- The sensorimotor stage – ages 0-2 years. Children at this stage explore their world through their senses. They use various senses to understand and make sense of their world. Some children develop slower than others, still relying on this stage of development much later than two years.
- Pre-operational stage – ages 2-7 years. Children in this stage often engage in parallel play, near, but not with others. They are very ego-centric at this stage, not understanding the feelings or behavior of others. Dolls, dress up clothes, blocks, fine motor manipulatives, constructive play, and books are engaging at this stage.
- Concrete operational stage – ages 7-11 years. At this stage children become problem solvers, asking many questions. They understand same/different, and that something can look different but be the same. Lego sets, model building, putting things together, and cooking are great activities to build this stage.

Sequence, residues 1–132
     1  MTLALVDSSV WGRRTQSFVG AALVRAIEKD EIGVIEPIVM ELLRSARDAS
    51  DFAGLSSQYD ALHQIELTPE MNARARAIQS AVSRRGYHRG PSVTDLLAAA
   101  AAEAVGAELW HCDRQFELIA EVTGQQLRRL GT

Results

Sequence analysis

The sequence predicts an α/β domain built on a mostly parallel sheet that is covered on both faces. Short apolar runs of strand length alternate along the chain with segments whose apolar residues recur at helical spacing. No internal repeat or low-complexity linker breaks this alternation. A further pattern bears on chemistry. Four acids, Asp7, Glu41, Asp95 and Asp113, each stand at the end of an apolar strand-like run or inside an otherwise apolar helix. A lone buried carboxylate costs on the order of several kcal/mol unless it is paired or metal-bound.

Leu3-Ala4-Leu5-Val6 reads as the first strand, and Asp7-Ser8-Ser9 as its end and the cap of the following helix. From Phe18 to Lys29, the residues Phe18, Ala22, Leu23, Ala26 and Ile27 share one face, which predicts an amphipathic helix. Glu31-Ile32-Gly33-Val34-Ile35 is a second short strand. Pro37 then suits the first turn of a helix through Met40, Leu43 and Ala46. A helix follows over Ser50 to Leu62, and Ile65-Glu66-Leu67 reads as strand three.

- Formal operational stage – ages 11 to adult. People in this stage understand and engage in abstract thought. They start to use strategy, thinking ahead, and multi-step projects. Chess, Sudoku, Rubiks cube, chapter books, and strategy games are popular at this stage.
Vygotsky Theory of Play
Lee Vygotsky developed his theory around the same time as Piaget. He disagreed with Piaget’s theory. Vygotsky believed development was only gained through language, community, and social development with other people. He theorized that babies are born with four necessary components of development: attention, sensation, perception, and memory.
Vygotsky limited his scope of play to imaginative or pretend play as a method of learning. Pretend play is a way for learners to explore their world that is not directly in front of them, while developing critical language skills.